By Steven Levingston
Washington Post Staff Writer
Thursday, September 18, 2008
The strains on the Reserve Primary Money Market Fund have prompted investors to ask whether their own money-market funds could be at risk. Money-market funds are not insured or guaranteed by the Federal Deposit Insurance Corp. or any government agency. But fund companies have historically covered losses.
Money-market observers expect that the losses Reserve's investors took will be an isolated event. "Though money fund investors will undoubtedly be shocked and nervous . . . we believe Reserve will be an anomaly," Crane Data, a money-market news and data company, said in a posting on its Web site yesterday.
The best way to understand your fund's vulnerability is to know what types of securities it holds. The safest funds hold only U.S. Treasury securities, which are backed by the federal government. Some funds hold Treasurys and government-backed securities from other issuers. Those other issuers could be institutions such as Fannie Mae and Freddie Mac. The most common funds are so-called prime funds, which invest in debt that isn't backed by the government. The differences in these funds show up in their yields: the safest, Treasury-only funds, yield less than prime funds. The Reserve fund, which was upended by its holdings of Lehman Brothers debt securities, offered a yield at least twice as high as many Treasury-only funds.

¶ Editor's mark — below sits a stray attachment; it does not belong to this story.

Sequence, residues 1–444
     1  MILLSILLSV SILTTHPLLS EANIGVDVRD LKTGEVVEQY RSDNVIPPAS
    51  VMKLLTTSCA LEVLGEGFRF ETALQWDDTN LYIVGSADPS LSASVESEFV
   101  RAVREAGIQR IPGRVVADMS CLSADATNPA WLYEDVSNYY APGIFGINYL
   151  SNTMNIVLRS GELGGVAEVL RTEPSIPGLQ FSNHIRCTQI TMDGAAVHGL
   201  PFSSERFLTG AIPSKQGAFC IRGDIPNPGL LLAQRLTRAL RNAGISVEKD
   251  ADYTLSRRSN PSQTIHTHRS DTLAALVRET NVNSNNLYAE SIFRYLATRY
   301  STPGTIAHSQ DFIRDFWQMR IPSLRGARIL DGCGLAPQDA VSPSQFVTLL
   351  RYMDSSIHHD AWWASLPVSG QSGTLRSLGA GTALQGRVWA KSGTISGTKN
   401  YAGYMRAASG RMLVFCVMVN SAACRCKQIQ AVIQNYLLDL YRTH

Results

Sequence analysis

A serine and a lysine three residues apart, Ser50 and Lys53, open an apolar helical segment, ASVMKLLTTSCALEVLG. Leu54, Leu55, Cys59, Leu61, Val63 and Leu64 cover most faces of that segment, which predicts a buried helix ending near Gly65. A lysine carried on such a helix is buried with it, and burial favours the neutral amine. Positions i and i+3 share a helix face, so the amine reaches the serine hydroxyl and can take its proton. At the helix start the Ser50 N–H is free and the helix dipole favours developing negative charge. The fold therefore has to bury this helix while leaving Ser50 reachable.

Investment companies that manage moneymarket funds rushed to reassure investors yesterday. Companies such as Fidelity, Vanguard, BlackRock, Oppenheimer Funds, T. Rowe Price, Franklin Templeton, J.P. Morgan Chase, Legg Mason and Schwab issued statements stressing the safety of their products.
The big fund companies are more likely to inject their own money into a weakened fund rather than let losses wreck havoc on their reputation. "A failed money market operation can extract a steep toll on a firm's brand and future business," the investment research company Morningstar said in a report yesterday. "Investors stand to lose pennies on the dollar, but asset management companies that are in the money market business stand to lose everything."
Morningstar said it's best to stay in low-cost money-market funds from the big asset managers with the resources to maintain their funds. It also makes sense to stay away from the funds with the highest yields.